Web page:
Fabio Borini and goalkeeper Vito Mannone are searching for an escape route out of Sunderland even before relegation is confirmed and quite frankly it’s a disgrace. Agent Roberto De Fanti recently publicly declared his clients are moving on once the inevitable occurs saying,
“We say that unfortunately the relegation of Sunderland is near and with it the most important players are destined to leave the club including Vito and Fabio. They were most important for the club and helped also in historic days – semi-finals and a final at Wembley and won numerous derbies with Newcastle.”
It’s a sad indictment that the modern day player – let’s not pretend the problem is exclusive to the Black Cats – has no qualms about touting themselves around in such a fashion, even if it is via their agent. In case anyone missed the fact, there are games left to play and the club are still in the midst of a relegation battle. You could argue the Black Cats are in such dire straits by being rooted to the bottom of the table that there is not much of a ‘battle’ taking place.
It’s a fair comment but the point remains – how can you convince fans of your commitment to the cause and indeed the club if it is obvious by your actions that you don’t want to be there? Answer, you can’t, and that is the nub of the issue. Borini certainly is no stranger to abandoning clubs after a poor spell, and former manager Sam Allardyce has spoken previously about underperforming players.
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Borini is the biggest disappointment. The attacker has not found any sort of form this season and at £10mil has been a flop since his return to the club in 2015. His agent also has a penchant for publicly discussing his client’s potential transfers.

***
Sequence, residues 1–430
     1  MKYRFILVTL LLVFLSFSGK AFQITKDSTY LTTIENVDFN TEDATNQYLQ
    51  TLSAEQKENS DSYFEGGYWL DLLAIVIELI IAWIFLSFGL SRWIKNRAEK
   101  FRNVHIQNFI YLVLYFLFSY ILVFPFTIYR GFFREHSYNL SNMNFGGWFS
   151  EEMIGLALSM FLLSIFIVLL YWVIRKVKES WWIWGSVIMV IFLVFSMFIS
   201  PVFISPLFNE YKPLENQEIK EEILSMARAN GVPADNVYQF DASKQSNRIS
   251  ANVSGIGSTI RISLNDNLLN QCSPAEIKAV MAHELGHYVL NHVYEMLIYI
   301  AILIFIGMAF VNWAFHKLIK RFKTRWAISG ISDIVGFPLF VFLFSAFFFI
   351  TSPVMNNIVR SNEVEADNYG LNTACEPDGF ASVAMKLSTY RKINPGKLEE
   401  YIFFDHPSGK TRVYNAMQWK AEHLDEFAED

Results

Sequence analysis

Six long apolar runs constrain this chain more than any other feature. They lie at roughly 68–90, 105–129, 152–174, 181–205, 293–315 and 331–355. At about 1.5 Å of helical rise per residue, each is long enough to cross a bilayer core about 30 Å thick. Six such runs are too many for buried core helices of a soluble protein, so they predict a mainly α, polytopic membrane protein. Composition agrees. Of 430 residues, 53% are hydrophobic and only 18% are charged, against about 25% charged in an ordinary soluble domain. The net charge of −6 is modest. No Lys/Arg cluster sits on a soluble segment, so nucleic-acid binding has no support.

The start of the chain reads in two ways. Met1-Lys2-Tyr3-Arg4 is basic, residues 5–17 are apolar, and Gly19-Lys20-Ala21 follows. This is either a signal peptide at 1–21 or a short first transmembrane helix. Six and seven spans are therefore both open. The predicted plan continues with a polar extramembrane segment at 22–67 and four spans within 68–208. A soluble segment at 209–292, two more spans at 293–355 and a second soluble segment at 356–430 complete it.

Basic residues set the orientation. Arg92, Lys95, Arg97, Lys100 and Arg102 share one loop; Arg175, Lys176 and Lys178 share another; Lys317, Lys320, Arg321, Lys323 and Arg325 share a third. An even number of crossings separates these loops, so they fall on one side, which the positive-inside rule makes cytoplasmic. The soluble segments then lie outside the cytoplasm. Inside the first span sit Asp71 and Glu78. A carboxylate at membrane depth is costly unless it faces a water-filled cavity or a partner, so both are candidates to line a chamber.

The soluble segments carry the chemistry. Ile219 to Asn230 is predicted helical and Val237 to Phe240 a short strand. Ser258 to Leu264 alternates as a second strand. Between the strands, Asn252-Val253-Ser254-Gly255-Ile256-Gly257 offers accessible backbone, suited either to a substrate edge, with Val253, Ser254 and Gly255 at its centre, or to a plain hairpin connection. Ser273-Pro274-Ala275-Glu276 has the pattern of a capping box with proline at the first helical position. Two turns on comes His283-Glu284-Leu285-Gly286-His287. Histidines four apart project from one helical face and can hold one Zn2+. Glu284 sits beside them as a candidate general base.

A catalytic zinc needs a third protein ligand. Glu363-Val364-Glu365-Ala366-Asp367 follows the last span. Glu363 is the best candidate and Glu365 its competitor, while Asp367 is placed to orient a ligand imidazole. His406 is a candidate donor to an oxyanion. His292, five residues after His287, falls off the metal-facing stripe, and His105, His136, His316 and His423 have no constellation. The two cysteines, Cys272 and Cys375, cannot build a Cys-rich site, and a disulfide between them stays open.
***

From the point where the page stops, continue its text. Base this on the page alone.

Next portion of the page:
However, putting his lack of recent goals to one side his dedication on the pitch was always guaranteed. There has been a culture of fear amongst some of the players at times but Borini was one of those that could emerge with some credibility.
Yet this time around even Borini looks bereft of any fight. David Moyes can’t be helping in terms of motivation. His dour approach would struggle to spark life in even the most enthusiastic of player. But, players such as Borini still need to accept that they are the ones in control of their own behaviours and actions whether it be on or off the pitch.
There is surely a responsibility on the part of Borini and co, as employees of Sunderland football club, to, at the very least, attempt to show a desire in helping their club emerge from this season with some self respect. It’s a pledge that all players should easily be able to demonstrate yet it is one that too many within the current Black Cats squad seem to be struggling with.
Although next season is already showing no signs of giving the the Black Cats an easy ride, perhaps with relegation will come the opportunity to offload those that can’t even be bothered to muster effort for the club and fans. That in itself has to be a blessing in disguise.